V.V. Burger Showdown: Match 6: The Upper East Side’s Battle of 16-14
[Candle Cafe vs. V-Note]
Match #6 of the V.V. Burger Showdown: The Upper East Side’s Battle of 16-14.
Candle Cafe vs. V-Note
16-14 refers to the prices of these fancy pants vegan burgers. After the “draw” of the last showdown, I needed some housemade high quality offerings. After all, paying $16 for a vegan burger includes the tacit promise of a greater chance of burger satisfaction. Paying $14 for a burger should embrace the wide-held notion of “You get what you pay for.” With food, it is often true. But there are other variables to consider.
Perhaps I am paying for history. Candle Cafe‘s roots began to anchor in 1984, when a vegetarian lifestyle was far more obscure. “Healthy Candle” grew steadily from a vitamin and juice bar into a full service cafe. Then, after winning the lottery (literally) in the 90’s, Candle Cafe was born. Candle 79 was soon to follow. Both restaurants are widely considered the creme de la creme of vegan restaurants in New York City. Solid veggie cred that is not wavering. But, I can count the times I’ve visited on (now) two fingers. What’s the deal with that?
V-Note, another Upper East Side all-vegan eatery that I’ve been to (now) twice, is
part of the Blossom restaurant group. Yes, the Blossom with the frozen soy patty I put down so ruthlessly in the last showdown. Thankfully, this location has a housemade seitan burger. It’s also closing its doors at the end of the month! No worries, the Blossoms are blossoming elsewhere…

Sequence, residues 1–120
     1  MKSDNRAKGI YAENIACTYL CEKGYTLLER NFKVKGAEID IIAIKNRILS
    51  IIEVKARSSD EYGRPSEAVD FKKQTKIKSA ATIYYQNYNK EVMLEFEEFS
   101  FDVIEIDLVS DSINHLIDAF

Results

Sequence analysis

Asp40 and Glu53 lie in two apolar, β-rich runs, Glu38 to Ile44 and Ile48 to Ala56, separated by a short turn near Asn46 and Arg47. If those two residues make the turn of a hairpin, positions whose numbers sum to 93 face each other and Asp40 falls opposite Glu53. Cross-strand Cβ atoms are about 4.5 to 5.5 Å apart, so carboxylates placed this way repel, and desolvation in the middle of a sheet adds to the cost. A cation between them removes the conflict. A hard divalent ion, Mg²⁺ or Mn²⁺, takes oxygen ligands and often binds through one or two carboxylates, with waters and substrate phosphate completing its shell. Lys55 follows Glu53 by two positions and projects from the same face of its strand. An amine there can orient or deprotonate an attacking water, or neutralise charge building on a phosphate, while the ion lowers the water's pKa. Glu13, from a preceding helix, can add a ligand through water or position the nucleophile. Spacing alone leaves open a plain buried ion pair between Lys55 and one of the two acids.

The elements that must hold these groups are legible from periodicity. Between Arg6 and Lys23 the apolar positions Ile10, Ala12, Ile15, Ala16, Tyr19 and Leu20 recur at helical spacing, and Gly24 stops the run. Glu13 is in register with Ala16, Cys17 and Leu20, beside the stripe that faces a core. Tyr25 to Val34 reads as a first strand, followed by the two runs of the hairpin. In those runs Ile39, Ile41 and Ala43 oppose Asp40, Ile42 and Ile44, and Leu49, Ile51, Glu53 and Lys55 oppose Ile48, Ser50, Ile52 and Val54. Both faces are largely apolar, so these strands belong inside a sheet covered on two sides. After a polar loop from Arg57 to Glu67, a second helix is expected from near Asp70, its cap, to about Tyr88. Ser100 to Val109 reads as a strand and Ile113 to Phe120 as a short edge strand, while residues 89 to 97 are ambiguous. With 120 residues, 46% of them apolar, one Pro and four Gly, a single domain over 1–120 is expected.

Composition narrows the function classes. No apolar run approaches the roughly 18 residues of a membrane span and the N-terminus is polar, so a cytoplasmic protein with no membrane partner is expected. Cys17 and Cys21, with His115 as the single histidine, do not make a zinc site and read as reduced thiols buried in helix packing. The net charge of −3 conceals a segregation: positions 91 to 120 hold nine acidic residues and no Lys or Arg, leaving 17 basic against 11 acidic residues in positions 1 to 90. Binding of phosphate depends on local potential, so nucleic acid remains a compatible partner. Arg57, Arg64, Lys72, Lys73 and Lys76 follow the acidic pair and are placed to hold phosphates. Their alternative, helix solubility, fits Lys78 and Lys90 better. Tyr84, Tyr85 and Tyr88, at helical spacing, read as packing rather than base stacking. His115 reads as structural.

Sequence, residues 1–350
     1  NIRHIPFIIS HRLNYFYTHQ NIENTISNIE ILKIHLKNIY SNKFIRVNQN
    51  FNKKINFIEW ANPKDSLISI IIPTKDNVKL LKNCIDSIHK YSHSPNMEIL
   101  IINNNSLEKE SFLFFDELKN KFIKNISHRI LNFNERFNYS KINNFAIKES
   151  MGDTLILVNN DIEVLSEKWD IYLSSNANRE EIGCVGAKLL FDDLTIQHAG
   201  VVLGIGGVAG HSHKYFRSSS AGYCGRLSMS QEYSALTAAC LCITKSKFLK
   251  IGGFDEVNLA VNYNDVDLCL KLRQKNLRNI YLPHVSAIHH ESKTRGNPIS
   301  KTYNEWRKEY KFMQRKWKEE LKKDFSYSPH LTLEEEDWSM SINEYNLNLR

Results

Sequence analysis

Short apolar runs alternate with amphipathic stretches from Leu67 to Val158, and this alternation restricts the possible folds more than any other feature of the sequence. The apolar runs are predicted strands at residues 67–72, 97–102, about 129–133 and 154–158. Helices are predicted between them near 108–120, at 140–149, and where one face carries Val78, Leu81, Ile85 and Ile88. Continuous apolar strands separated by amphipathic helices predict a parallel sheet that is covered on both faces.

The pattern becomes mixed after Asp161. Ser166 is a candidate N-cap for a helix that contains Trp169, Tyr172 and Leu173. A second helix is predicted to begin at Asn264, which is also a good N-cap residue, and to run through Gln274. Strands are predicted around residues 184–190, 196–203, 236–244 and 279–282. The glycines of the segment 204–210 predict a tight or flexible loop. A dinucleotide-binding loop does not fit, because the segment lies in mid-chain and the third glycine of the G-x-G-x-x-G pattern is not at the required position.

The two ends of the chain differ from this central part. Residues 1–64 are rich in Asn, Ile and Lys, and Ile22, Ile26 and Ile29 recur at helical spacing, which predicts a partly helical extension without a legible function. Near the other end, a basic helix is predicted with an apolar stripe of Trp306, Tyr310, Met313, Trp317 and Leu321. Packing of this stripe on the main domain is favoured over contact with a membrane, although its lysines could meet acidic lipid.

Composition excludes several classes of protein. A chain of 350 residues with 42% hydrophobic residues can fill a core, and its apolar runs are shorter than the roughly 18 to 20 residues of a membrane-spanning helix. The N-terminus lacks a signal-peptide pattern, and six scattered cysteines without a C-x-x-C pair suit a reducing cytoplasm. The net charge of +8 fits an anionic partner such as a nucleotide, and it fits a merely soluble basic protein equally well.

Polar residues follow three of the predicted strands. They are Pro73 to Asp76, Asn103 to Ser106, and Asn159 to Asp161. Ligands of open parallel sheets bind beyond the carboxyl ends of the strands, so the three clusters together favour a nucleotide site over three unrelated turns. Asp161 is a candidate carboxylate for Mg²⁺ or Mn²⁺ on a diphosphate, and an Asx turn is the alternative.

Candle Cafe’s Black Bean Quinoa Burger:
This is a delicious burger, quite simply. It’s well done in every way–the patty, the potato-onion roll, the fresh, crispy red onion, lettuce, and tomato. Delicious but basic. Wait, more like–delicious because it is basic. The tragic flaw of a veggie burger is that it is often overdone. It’s thought not to be enough. And sloppy and lazy additions increase the likelihood that something will go wrong. And things can go wrong very easily. I respect Candle’s basic deliciousness. Other unadorned burgers could not fare this well. It is Candle Cafe‘s well-developed knowledge of plant-based food that delivers a clean, tasty burger that hits all the marks. [The Vegenaise-y chipotle aioli seemed not housemade but I don’t know this for sure.]
V-Note’s Seitan Quarter Pounder:
V-note’s Seitan Quarter Pounder was a great effort. But a quarter pound of seitan can be a bit off-putting when it isn’t twice-cooked. Sure, I don’t know for sure, but I’ve made seitan enough times (and snuck impatient bites of uncooked seitan enough times) to know what it tastes like when it isn’t cooked thoroughly. I’ve also made cutlets too thick, as this patty was, ruining its texture. So, though a big, seitan-y burger can sound appealing, there is a balance that must be struck guided by a knowledge of ingredients. I enjoyed the thinner, more crisp patty edges much more than the inner bites of the burger. Also, the special sauce hardly had a taste of anything. I would have appreciated a much more acidic zing to cut through a quarter pound of seitan.
So, advancing onward: Candle Cafe!
For research design, click here.
A quick bite of dessert from V-Note. A berry shortcake with coconut whip and berries. It’s difficult to pay $11 for something you make better at home.